NPR logo

Tax Day And Health Insurance Under Trump

  • Download
  • <iframe src="https://www.npr.org/player/embed/523968089/524076598" width="100%" height="290" frameborder="0" scrolling="no" title="NPR embedded audio player">
  • Transcript
Tax Day And Health Insurance Under Trump

Policy-ish

Tax Day And Health Insurance Under Trump

Tax Day And Health Insurance Under Trump

  • Download
  • <iframe src="https://www.npr.org/player/embed/523968089/524076598" width="100%" height="290" frameborder="0" scrolling="no" title="NPR embedded audio player">
  • Transcript

People who lacked health insurance for more than three consecutive months in 2016, or who bought individual insurance and got federal help paying the premiums, will need to do a little work to figure out what, if anything, they owe the IRS. Brennan Linsley/AP hide caption

toggle caption
Brennan Linsley/AP

People who lacked health insurance for more than three consecutive months in 2016, or who bought individual insurance and got federal help paying the premiums, will need to do a little work to figure out what, if anything, they owe the IRS.

Brennan Linsley/AP

Your federal income taxes are due April 18 this year, and — for perhaps several million people — a fine for failing to get health insurance is due that day, too.

Despite a lengthy debate, Congress has not yet acted on a bill to repeal portions of the Affordable Care Act. That means the law and almost all of its regulations remain in force, at least for now.

For the majority of tax filers, who had health insurance through an employer for 2016 or through a government program, all they have to do is check the box on the 1040 form that says they were covered for a full year. That's it.

The Obama administration had called for the IRS to begin rejecting tax returns for 2016 that left that box blank. But the IRS under the Trump administration has canceled that policy, citing a Trump executive order that calls on federal agencies to "minimize the burden" of the health law.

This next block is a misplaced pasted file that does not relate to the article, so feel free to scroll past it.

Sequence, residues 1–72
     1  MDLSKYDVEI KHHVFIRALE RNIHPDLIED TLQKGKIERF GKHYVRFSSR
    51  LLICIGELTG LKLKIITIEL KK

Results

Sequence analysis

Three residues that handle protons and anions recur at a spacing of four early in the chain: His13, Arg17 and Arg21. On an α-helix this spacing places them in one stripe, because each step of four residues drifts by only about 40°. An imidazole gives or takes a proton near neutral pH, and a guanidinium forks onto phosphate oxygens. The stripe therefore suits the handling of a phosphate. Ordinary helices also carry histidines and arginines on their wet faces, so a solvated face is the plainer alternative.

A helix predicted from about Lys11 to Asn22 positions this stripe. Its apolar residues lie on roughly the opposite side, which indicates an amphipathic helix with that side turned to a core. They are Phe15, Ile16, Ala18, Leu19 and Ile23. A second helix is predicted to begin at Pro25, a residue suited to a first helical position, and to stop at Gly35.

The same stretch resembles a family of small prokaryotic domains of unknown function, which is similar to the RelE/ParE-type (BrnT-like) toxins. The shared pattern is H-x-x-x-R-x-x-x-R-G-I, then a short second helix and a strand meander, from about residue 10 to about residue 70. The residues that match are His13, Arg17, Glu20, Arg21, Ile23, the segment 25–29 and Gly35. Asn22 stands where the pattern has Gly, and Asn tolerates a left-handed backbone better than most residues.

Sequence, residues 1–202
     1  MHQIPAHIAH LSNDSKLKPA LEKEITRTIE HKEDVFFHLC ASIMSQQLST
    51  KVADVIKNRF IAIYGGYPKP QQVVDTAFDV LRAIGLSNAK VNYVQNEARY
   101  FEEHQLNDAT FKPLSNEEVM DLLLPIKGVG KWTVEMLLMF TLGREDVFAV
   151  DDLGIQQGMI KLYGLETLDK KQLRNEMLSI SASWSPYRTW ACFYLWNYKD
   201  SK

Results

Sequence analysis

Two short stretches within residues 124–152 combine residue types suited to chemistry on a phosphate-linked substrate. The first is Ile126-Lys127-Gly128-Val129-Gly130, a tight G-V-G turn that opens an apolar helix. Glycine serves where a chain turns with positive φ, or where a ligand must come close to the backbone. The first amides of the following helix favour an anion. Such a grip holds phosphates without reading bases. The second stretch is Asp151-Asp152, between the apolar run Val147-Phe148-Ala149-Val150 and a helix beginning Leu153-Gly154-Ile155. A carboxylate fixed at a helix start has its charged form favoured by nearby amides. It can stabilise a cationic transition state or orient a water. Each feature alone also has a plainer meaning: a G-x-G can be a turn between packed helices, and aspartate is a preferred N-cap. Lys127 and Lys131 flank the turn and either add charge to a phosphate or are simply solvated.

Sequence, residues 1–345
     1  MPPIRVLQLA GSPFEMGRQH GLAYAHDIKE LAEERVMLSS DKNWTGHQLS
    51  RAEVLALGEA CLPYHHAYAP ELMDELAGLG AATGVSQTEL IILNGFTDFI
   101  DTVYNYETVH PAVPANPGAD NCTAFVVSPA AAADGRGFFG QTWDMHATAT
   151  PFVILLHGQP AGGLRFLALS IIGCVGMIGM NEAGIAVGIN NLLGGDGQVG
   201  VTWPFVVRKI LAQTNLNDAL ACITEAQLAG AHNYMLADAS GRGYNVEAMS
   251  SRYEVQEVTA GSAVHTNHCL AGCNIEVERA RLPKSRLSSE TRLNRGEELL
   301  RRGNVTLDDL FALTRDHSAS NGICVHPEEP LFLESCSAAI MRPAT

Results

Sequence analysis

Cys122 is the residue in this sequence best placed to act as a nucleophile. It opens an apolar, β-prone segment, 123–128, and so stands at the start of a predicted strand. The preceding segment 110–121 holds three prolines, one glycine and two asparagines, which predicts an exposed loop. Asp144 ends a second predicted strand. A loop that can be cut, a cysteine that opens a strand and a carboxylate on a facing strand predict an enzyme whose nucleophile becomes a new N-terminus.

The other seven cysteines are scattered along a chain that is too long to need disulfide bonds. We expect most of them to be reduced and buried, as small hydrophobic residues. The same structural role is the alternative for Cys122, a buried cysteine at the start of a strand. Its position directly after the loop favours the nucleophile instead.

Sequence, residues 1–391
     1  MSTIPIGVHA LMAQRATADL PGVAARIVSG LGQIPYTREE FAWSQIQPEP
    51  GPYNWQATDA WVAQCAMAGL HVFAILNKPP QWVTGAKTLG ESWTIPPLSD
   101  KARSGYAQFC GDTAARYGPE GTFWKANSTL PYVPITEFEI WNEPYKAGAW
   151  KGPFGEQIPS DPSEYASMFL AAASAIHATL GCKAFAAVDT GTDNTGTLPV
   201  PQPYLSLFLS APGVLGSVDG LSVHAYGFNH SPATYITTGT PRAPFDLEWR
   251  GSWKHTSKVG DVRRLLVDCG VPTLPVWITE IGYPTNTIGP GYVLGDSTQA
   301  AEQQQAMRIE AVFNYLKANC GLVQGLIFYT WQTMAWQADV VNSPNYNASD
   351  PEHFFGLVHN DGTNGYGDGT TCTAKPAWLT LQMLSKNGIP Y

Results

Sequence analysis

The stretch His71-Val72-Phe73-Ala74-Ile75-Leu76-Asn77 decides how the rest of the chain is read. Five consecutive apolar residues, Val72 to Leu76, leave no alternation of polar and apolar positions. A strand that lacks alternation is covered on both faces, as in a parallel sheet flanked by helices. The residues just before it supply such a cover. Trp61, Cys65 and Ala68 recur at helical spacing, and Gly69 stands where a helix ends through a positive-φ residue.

Still, those who lacked insurance for more than three consecutive months, or who bought individual insurance and got federal help paying the premiums, need to do a little more work to figure out what, if anything, they owe.

Those with no insurance, and those who have had a lengthy gap in coverage, may be required to pay what the federal government calls a "shared responsibility payment." It's a fine for not having coverage, on the theory that even those without insurance will eventually use the health care system at a cost they can't afford, which means that someone else other patients, hospitals, health care providers and taxpayers — will have to pay that bill.

Many people who don't have insurance, however, qualify for one of the several dozen "exemptions" from the fine. Nearly 13 million tax filers claimed an exemption for 2015 taxes, according to the IRS. Most often those exemptions came from people whose income was so low (less than $10,350 for an individual) that they are not required to file a tax return, or from Americans who lived abroad for most of the year, or from people for whom the cheapest available insurance was still unaffordable (costing more than 8 percent of their household income).

The fine for 2016 taxes is the greater of $695 per adult or 2.5 percent of household income. Fines for children who lack insurance coverage are half the amount for uninsured adults. Fines are pro-rated by the number of months each person was uninsured.

The maximum fine is $2,676; that is the national average cost of a "bronze" level insurance plan available on the health exchanges. But most people do not pay fines that are anywhere near that high. Last year, according to the IRS, an estimated 6.5 million tax filers paid a fine that averaged $470.

If you bought your own insurance from the federal marketplace or a state health insurance exchange and you got a federal tax credit to help pay for that coverage, you have to take another step before you can file your taxes.

People who got those tax credits must fill out a form that "reconciles" the amount of subsidies they received based on their income estimates with the amount they were entitled to according to their actual income reported to the IRS.

In tax filings for 2015, about 5.3 million taxpayers had to pay the government because they got too much in tax credits, compared to 2.4 million who got additional money back. But among those who underestimated their incomes and had to pay back some of those tax credits, 62 percent still received a net refund on their taxes.

Kaiser Health News (KHN) is a national health policy news service. It is an editorially independent program of the Henry J. Kaiser Family Foundation.